Do I have a right to work from home?

The pandemic years saw an exponential spike in Australians working from home. In fact, as of April this year, almost twice as many employed Australians worked from home one or more times a week compared to before the pandemic. Now that working from home is considered to be a new normal for the Australian workforce, you may be wondering as either a business owner or an employee what rights does an employee have to work remotely. Working from home, including hybrid arrangements further creates a new avenue of consideration for employers. Keep reading to learn about the rights different individuals have when it comes to working remotely.

Working Remotely

Flexible working arrangements can materialise in many forms. Whether it means flexible start and finishing times, flexible rostering or working from home, there are a multitude of options to explore to create a more suitable schedule. These arrangements may be agreed upon between an employer and employee to help develop a work-life balance. Anyone can request a more flexible work schedule with their employer, however, in certain circumstances an employee will have legal entitlements to request a remote working arrangement.

What rights do employees have?

While there may not have been terms outlining a ‘working from home’ arrangement in a work contract, it is important to note that an employee may have the legal entitlement to request flexible working arrangements under the Fair Work Act. To be eligible to request flexible working arrangements under the act, the employee must either be a permanent employee who has worked with an employer for at least 12 months, or a casual employee who has worked with a company for at least 12 months, with a reasonable expectation that employment will continue on a regular, systematic basis. As listed on, the employee must be making the request based on any of the following circumstances:

  • Are a parent of, or have responsibility for the care of, a child who is school age or younger
  • A carer (within the meaning of the Carer Recognition Act 2010)
  • A person with disability
  • Aged 55 or older
  • Are experiencing family violence, or
  • Are providing care or support to a family member, or someone they live with, who is experiencing family violence.

What rights do employers have?

As an employer, there are certain obligations you should adhere to ensure you are working in ‘best practice’. Fair Work suggests that best practice employers should respect their employees work life balance, understand the legal requirements regarding flexible working arrangements and have processes in place to manage them. This means that when an employee request some form of flexible working arrangement, you should first consider their request, taking into account the reasons for the employee making the request, and the potential impacts on the employee/your business should the request be granted. You should also open discussion with the employee and attempt to reach a shared agreement about these changes to their working schedule. A response stating whether the request is granted or rejected (providing reasons if the request is rejected), should be delivered within 21 days.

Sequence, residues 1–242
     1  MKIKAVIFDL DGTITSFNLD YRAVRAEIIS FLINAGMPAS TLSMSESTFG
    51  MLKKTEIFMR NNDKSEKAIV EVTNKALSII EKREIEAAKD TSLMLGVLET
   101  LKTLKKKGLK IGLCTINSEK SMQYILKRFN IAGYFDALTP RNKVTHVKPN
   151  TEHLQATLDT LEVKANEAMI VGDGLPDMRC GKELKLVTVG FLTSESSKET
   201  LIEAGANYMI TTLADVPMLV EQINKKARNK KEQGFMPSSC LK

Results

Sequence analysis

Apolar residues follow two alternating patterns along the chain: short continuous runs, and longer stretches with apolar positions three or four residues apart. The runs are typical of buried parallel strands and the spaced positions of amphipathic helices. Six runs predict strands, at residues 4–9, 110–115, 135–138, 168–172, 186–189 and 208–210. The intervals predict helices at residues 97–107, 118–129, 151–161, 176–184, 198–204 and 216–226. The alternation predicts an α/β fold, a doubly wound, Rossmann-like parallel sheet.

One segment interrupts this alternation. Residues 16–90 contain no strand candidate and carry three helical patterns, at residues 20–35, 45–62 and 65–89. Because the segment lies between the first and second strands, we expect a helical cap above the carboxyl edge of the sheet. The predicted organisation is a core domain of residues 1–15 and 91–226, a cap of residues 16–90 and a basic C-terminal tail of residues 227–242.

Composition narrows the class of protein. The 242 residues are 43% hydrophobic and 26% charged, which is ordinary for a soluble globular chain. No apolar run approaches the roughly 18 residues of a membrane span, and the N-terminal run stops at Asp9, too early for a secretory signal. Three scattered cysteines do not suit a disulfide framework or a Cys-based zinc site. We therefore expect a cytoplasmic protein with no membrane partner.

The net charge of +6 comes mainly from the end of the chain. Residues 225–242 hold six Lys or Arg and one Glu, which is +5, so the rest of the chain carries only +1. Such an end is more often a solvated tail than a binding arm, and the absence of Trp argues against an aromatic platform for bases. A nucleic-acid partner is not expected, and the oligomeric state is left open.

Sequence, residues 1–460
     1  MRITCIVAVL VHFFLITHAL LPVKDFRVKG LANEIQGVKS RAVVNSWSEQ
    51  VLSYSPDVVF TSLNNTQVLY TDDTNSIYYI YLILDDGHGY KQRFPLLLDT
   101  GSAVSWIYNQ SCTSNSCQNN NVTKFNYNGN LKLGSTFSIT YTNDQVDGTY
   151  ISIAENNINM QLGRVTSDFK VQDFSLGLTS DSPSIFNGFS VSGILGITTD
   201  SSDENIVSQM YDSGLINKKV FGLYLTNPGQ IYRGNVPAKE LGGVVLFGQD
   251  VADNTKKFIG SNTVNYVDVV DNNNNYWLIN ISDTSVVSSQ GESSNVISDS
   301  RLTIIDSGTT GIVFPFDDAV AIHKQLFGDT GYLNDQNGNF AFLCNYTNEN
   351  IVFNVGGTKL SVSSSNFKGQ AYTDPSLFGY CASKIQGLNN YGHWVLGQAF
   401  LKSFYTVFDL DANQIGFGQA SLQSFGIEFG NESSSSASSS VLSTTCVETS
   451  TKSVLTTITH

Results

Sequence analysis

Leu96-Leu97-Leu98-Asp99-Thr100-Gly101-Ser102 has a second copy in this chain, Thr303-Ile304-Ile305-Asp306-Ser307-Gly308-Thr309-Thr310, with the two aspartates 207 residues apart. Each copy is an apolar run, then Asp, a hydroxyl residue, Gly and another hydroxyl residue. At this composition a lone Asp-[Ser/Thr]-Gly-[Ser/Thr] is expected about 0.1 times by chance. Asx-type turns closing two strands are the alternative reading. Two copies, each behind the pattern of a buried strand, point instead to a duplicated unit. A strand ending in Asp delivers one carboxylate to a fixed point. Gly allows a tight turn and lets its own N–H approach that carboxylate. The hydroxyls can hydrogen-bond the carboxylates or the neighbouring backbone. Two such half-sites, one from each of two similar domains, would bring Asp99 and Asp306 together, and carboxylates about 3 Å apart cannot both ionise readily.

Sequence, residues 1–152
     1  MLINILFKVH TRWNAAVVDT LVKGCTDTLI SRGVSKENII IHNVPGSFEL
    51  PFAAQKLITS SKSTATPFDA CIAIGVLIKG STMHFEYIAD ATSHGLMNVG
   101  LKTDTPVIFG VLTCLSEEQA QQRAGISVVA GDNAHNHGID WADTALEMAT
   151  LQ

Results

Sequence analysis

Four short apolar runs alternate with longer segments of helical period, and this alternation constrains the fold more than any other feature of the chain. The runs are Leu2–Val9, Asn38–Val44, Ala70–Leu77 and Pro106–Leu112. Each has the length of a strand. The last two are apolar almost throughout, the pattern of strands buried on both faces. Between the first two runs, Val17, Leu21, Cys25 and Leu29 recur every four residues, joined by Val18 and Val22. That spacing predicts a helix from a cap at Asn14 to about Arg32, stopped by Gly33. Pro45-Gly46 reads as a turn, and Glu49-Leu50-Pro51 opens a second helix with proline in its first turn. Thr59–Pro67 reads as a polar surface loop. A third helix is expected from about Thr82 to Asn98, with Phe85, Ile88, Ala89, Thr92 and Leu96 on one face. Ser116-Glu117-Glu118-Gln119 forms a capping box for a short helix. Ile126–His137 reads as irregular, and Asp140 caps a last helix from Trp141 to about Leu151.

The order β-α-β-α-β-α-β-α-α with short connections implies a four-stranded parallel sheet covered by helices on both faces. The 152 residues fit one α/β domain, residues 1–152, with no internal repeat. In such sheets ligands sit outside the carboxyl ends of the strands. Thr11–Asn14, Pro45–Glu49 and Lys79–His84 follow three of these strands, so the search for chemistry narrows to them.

On one hand, it is in best practice to give employees flexibility in their working schedule to provide a more manageable work life balance when requested. However, as an employer, you have the right to refuse a request from an eligible employee on reasonable business grounds. As outlined on, reasonable business grounds for refusing a request may be:

  • The cost of the requested arrangements would be too costly for the employer
  • There is no capacity to change the working arrangements of other employees to accommodate the request
  • It would be impractical to change the working arrangements of other employees, or take on new employees, to accommodate the request
  • The requested arrangement is likely to result in significant loss of efficiency or productivity. The request may also have a significant negative impact on customer service

Benefits of flexible working arrangements

It is also important to consider the benefits of granting a request related to flexible working arrangements. Giving employees the chance to conduct work with respect to their own needs, may immensely improve job satisfaction, and thus productivity. Workers are likely to be less stressed, which may be extremely favourable for the work quality and overall profitability of a company.

Developing a policy

As an employer, it may be worth considering developing a policy outlining the exact terms of flexible working arrangements. These include how to apply for such arrangements, the conditions under which an employee can apply, how the request will be considered, and how the changes in an employees work schedule will be recorded.


As was discovered over the pandemic, technology has the ability to effectively facilitate communication between employers and employees remotely. Investing in technology by providing portable devices to employees, setting up online meetings, or providing remote access to your business’ features can allow you to monitor the effectiveness of an employee’s flexible work arrangements, whilst simultaneously allowing them to have increased control over when/how they work.

Key Takeaways

Working from home has evolved into a standard practice of many workforces, and therefore it is important that you understand your rights when deciding to work away from the office. As experienced commercial lawyers, we understand your rights as either an employer or employee and are ready to help you navigate the area of flexible working arrangements.

If you have any questions, please contact Lord Commercial Lawyers on (03) 9600 0162 or email us at

Andrew Lord